Houma – Thibodaux metropolitan area

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Houma-Thibodaux Metropolitan Area
Map of Louisiana highlighting the Houma-Bayou Cane-Thibodaux metropolitan area
Map of Louisiana highlighting the Houma-Bayou Cane-Thibodaux metropolitan area

The Houma-Thibodaux Metropolitan Statistical Area is a metropolitan area in the Acadiana region of southern Louisiana, United States that covers two parishes - Lafourche and Terrebonne. As of the 2010 census, the MSA had a population of 208,178.[1]

The parish seat of Lafourche Parish, Thibodaux, is located 15 miles NNW from the parish seat of Terrebonne Parish, Houma. Bayou Cane is the commercial district of Terrebonne Parish and Lafourche Parish and is commonly referred to by locals as Houma. In 2014, Forbes magazine ranked Houma-Thibodaux as the eighth-fastest-growing small city in the United States.[2] The metropolitan area is commonly referred to by locals as the "Houma-Thibodaux" area.

The metropolitan area's main thoroughfare is U.S. Highway 90, which runs east to west and passes directly between Houma and Thibodaux.




As of the census[3] of 2000, there were 194,477 people, 68,084 households, and 51,692 families residing within the MSA. The racial makeup of the MSA was 78.13% White, 15.40% Black, 3.91% Native American, 0.74% Asian, 0.02% Pacific Islander, 0.56% from other races, and 1.25% from two or more races. Hispanic or Latino of any race were 1.50% of the population.

The median income for a household in the MSA was $35,073, and the median income for a family was $40,208. Males had a median income of $34,735 versus $20,095 for females. The per capita income for the MSA was $15,930.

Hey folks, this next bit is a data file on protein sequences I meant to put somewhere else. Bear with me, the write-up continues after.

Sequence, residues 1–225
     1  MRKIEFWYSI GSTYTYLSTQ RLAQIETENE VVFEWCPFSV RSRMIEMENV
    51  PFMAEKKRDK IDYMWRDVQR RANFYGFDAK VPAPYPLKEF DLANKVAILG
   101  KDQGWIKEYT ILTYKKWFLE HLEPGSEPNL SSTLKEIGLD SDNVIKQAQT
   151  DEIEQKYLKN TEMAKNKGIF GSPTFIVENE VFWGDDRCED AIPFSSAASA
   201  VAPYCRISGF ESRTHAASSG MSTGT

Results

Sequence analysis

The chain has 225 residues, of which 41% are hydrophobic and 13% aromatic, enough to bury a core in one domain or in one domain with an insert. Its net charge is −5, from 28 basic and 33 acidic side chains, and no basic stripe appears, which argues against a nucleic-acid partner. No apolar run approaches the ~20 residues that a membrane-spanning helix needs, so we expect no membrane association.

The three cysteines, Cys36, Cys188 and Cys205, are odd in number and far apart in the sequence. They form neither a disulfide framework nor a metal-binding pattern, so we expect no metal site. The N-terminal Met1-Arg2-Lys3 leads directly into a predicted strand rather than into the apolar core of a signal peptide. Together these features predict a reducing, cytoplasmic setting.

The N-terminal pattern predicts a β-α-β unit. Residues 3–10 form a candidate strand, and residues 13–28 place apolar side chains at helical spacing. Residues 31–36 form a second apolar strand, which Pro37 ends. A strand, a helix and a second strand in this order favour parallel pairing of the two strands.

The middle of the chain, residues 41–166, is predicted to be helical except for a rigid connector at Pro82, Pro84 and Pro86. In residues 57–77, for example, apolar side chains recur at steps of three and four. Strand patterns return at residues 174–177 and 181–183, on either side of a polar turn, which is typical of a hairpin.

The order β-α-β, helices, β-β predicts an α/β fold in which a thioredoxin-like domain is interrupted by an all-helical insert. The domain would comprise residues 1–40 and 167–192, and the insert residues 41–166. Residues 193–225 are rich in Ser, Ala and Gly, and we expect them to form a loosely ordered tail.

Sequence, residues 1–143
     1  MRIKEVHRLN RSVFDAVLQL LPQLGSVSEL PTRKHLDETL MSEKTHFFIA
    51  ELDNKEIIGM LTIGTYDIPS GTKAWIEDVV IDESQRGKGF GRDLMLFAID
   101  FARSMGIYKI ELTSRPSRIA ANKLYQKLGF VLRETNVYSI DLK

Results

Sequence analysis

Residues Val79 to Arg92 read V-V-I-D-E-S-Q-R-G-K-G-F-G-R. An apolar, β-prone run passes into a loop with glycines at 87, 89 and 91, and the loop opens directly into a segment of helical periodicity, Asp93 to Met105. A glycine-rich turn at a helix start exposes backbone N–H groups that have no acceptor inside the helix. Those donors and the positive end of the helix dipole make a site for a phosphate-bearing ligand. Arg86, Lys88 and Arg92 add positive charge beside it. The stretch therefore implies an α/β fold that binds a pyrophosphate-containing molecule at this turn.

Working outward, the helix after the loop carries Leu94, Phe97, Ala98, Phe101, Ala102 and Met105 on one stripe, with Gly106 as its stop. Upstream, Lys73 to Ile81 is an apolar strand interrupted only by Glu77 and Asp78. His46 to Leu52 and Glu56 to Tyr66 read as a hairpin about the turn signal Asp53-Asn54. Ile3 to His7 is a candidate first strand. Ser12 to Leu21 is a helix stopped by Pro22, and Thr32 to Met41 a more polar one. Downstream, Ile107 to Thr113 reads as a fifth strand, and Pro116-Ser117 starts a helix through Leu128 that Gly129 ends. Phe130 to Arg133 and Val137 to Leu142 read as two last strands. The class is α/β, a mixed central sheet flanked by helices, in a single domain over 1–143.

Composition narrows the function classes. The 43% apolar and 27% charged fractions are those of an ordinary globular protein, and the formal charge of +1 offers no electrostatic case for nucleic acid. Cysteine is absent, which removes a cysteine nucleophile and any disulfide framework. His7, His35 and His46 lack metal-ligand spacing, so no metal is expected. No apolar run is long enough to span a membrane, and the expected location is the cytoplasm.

The Houma-Thibodaux-Bayou Cane region's economy is strongly oriented toward the production of petroleum and natural gas. It is notable that during the Great Recession, the region maintained low unemployment rates. According to the U.S. Bureau of Labor Statistics, the region registered a 3.5% unemployment rate in February 2009, the lowest of any metro area in the United States.[4]

See also[edit]


  1. ^ "Table 1. Annual Estimates of the Population of Metropolitan and Micropolitan Statistical Areas: April 1, 2000 to July 1, 2009 (CBSA-EST2009-01)". 2009 Population Estimates. United States Census Bureau, Population Division. 2010-03-23. Archived from the original (CSV) on June 15, 2010. Retrieved 2010-03-25.
  2. ^ Kotkin, Joel (2014-09-03). "America's Fastest-Growing Small Cities". Forbes. Retrieved 2014-09-03.
  3. ^ "American FactFinder". United States Census Bureau. Archived from the original on 2020-02-12. Retrieved 2008-01-31.
  4. ^ The Misery Index: Jobless rates by metro area Archived 2009-04-05 at the Wayback Machine – MSN Money.